A popular and rather cliché motivational saying that I have heard tossed around quite a bit lately is to “never look back”. But what would happen if we really never looked back? We would never look back to our experiences, to our successes and failures, to our memories, or to our feelings of nostalgia. It is a matter of opinion, but I think reverting one’s thoughts to the past is a very important part of what forms us as a world, a nation, and individuals.
Take the power fashion house Dolce and Gabbana for example. Dolce and Gabbana have built an entire aesthetic around ancient Sicily which becomes increasingly more apparent and brilliant with every successive season. For the Winter 2015 collection, their ingenious rendering of themes from the Romantic Era (the late 18th Century to the early 19th Century) would be nonexistent if it were not for the rich cultural history that has been recorded for us to look back upon and study today.
Romanticism was about creating personal relationships with nature and emphasizing individual artists’ emotional and dispositional experiences contrived from a new world emerging out of traditional religious rigidity. The era possessed a certain enchantment that brought forth and exemplified the exploration of the human soul which is clearly epitomized with one glimpse at the Dolce and Gabbana Winter 2015 collection. Fairies who grant wishes, keys to a secret magical garden, animals who could talk to you if they so choose, whimsical elves who dance and sing in everyone’s dreams. I do not know if it was the Tchaikovsky music, the grand theatrics, or the graceful movement of the entire show, but it reminded me of a ballet: pure beauty.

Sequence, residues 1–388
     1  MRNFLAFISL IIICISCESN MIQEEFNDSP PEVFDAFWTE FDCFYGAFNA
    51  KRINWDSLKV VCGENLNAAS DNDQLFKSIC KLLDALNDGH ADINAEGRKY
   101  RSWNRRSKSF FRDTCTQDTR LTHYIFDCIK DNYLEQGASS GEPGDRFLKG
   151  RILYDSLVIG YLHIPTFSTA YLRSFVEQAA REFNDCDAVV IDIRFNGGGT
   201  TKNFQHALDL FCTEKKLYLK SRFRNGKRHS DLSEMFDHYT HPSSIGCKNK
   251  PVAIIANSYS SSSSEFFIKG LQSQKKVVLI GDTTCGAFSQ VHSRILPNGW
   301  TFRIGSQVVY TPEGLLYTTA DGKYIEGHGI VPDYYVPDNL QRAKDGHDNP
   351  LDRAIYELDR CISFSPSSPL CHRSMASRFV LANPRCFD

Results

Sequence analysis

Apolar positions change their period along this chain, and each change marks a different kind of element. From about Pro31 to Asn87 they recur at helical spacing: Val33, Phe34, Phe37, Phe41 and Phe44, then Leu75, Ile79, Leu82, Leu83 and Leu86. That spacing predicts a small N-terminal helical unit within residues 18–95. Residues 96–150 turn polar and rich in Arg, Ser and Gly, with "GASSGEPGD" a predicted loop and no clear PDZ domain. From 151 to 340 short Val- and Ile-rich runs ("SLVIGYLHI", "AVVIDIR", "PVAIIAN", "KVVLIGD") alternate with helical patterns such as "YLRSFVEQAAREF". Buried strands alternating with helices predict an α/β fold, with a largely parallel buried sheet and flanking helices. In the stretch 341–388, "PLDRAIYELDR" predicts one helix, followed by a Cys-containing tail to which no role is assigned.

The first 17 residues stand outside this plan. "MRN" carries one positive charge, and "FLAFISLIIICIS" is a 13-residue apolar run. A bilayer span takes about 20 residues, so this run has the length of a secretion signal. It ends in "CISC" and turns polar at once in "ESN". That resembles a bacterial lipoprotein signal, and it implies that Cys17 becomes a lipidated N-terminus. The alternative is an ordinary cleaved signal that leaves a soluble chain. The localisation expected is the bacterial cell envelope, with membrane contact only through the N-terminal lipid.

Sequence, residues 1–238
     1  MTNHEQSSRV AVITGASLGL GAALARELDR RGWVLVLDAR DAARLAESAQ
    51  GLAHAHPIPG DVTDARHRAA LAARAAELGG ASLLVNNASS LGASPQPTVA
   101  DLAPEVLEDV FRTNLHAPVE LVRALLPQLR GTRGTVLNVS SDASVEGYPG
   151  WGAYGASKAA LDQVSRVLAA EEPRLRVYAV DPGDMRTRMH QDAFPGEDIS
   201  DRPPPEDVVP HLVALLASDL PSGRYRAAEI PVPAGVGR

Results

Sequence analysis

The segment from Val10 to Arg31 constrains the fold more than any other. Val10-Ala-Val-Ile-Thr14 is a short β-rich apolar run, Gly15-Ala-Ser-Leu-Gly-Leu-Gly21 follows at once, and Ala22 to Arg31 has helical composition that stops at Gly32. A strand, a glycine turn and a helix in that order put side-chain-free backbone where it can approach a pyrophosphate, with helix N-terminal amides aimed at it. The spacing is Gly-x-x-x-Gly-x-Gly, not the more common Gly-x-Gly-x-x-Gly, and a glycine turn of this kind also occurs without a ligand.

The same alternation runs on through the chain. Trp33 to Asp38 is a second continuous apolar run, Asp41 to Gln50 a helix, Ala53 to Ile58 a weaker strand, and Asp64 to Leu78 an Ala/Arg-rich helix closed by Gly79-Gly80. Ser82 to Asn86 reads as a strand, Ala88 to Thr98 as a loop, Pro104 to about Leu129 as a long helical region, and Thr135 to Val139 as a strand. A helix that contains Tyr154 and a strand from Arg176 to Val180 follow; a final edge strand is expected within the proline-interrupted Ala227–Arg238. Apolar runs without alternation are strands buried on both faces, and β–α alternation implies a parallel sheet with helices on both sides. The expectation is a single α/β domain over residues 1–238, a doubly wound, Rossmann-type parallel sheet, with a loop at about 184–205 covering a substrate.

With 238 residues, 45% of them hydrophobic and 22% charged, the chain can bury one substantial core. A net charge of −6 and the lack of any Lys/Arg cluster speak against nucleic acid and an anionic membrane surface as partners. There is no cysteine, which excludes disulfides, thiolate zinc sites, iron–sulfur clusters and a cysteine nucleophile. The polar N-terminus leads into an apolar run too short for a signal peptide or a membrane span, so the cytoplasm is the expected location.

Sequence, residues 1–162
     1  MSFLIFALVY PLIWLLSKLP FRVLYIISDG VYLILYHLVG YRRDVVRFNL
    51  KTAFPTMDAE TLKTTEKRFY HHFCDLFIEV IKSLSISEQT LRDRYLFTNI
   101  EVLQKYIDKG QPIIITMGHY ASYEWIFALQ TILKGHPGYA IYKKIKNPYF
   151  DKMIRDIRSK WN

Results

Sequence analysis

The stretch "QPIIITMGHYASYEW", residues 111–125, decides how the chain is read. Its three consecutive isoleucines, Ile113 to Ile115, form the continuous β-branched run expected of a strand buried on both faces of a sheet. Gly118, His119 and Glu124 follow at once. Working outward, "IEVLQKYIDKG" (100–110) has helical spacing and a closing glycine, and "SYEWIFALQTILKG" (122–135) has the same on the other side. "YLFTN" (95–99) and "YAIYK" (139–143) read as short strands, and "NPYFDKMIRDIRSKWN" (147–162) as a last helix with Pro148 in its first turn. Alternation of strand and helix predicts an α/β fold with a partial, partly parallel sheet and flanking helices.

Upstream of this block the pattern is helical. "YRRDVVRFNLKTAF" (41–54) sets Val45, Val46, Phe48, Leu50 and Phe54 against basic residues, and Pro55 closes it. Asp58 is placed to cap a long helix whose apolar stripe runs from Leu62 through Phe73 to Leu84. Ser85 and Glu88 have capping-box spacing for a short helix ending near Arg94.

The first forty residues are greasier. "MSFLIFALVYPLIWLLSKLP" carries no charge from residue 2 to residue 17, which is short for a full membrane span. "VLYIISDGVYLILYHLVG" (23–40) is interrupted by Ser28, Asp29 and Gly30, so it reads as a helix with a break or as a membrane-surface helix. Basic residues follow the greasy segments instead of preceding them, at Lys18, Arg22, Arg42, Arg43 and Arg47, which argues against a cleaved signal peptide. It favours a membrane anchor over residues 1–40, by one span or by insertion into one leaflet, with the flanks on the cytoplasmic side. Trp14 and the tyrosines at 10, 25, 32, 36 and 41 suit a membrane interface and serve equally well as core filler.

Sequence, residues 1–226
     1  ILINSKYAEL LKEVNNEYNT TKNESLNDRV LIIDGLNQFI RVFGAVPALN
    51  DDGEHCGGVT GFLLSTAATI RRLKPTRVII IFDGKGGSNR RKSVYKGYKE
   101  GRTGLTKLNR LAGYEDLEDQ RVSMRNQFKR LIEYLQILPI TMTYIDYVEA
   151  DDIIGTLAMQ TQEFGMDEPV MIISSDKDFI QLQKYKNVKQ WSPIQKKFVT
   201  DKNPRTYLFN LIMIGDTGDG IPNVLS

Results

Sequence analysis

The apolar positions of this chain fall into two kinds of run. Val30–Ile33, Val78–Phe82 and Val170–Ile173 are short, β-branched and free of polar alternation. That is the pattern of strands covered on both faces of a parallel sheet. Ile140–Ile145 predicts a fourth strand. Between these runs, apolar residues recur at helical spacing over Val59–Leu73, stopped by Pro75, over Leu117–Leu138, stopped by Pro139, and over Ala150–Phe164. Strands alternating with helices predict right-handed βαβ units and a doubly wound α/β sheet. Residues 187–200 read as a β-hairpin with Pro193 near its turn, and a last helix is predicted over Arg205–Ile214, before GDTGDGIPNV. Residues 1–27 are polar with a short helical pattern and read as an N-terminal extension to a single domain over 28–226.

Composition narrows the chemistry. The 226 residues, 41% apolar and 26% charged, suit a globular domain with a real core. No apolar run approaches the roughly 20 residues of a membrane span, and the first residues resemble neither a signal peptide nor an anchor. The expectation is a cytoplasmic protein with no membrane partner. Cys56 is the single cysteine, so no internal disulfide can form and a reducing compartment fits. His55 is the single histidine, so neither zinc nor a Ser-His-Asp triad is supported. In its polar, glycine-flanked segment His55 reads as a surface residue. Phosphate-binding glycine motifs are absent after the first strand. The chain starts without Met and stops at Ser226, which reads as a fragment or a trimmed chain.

Look back in order to move forward
And there it is! Looking back on the past becomes a powerful chain reaction. I had strong feelings of nostalgia when I watched the D&G show from the thirteen years that I was a ballerina who danced to Tchaikovsky every year in The Nutcracker. There were Sugar Plum Fairies, a prince who brought Clara on a journey to a magical land, and gingersnaps and candy canes who danced in Clara’s magnificently colorful dreams. Both shows actually seem quite similar to me, in the aspect of enchantment at least. The point is that I could not prevent myself from possessing such feelings of nostalgia and remembering my past.
I learned important lessons from being a ballerina, and the whole world learned important lessons from ancient Sicily. If we did not look back upon what we did or what happened in the past, we might forget and might never be able to move forward. There would be no learning curve to stop the cyclical motions that our lives would become. The past is to be learned from and admired. Maybe the saying should be altered: Always look back, but never stop moving forward.
Brielle Edborg, FIT student.